Mark noticed Geoffrey's interest in the ceiling. He knew what he was thinking. The master had worn a robe of blue with gold stars in the last days of his life.
"Coincidence?" Geoffrey asked.
"I doubt it."
From the shadows near the altar emerged an older man. His crooked shoulders were poorly concealed under a loose brown frock. He walked with a jerky, stooped gait that reminded Mark of a puppet on a string.
"Are you the abbe?" he asked the man in French.
"What's the name of this church?"
"The Chapel of St. Agulous."
Mark watched as Geoffrey strolled forward, past where they stood, to the first pew before the altar. "This is a quiet place."
"Those who live here belong only to themselves. It is indeed a peaceful location."
"How long have you been abbe?"
"Oh, for many years. No one else seems to want to serve here. But I do like it."
Mark recalled what he knew. "This area was once a hiding place for the Spanish brigands, wasn't it? They would slip into Spain, terrorize the locals, rob farmhouses, then slip back over the mountains, safe here in France, out of reach of the Spanish."
The priest nodded. "To plunder Spain, they had to live in France. And never once did they touch a Frenchman. But that was a long time ago."
He continued to study the church's austere interior. Nothing suggested that the building harbored any great secret.
"Abbe," he said. "Have you ever heard the name Berenger Sauniere?"
The older man thought for a moment, then shook his head.
"Is that a name anyone has ever mentioned in this village?"
"I'm not accustomed to monitoring my parishioners' conversations."
"Nor did I mean to say that you were. But is it a name you recall anyone mentioning?"
He shook his head again.
"When was this church built?"
"In 1732. But the first building was erected here in the thirteenth century. Many came after. So unfortunate, but nothing remains from those early structures."
"Does he bother you?" Mark asked.
"What is he looking for?"
Good question, Mark thought. "Perhaps he's in prayer, wanting to be near the altar?"
The abbe faced him. "You don't lie well."
Mark realized the old man standing before him was far smarter than he wanted his listener to believe. "Why don't you tell me what I want to know."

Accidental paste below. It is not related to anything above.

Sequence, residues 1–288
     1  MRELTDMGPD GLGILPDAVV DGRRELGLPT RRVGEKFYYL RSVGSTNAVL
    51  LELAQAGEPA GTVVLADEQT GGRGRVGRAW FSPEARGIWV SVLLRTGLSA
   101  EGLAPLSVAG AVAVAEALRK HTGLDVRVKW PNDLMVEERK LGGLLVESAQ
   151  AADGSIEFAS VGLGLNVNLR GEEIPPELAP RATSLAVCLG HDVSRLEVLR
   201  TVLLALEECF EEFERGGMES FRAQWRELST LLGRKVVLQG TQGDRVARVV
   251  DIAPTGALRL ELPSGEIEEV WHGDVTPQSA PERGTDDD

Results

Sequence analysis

"You look just like him."
He fought to repress his surprise. "You knew my father?"
"He came to this area many times. He and I spoke often."
"Did he tell you anything?"
The priest shook his head. "You know better."
"Do you know what I'm to do?"
"Your father told me that if you ever made it here, you should already know what it is for you to do."
"You know he's dead?"
"Of course. I was told. He took his own life."
"That's fanciful thinking. Your father was an unhappy man. He came here looking but, sadly, found nothing. That frustrated him. When I heard that he took his own life, I was not surprised. There was no peace for him on this earth."
"He spoke to you about those things?"
"Why did you lie to me about never hearing the name Berenger Sauniere?"
"I didn't lie. I've never heard that name before."
"My father never mentioned him?"
Another riddle stood before him, as frustrating and irritating as Geoffrey, who was now walking back toward them. The church surrounding him clearly contained no answers, so he asked, "What about the abbey of Hildemar, the castle he turned over to Agulous in the tenth century? Is any of that still standing?"
"Oh, yes. Those ruins still exist. Up in the mountains. Not far."
"It's no longer an abbey?"
"Goodness no. It hasn't been occupied in three hundred years."
"Did my father ever mention the place?"
"He visited there many times, but found nothing. Which only added to his frustration."
They needed to go. But he wanted to know, "Who owns the abbey ruins?"
"They were bought years ago. By a Dane. Henrik Thorvaldsen."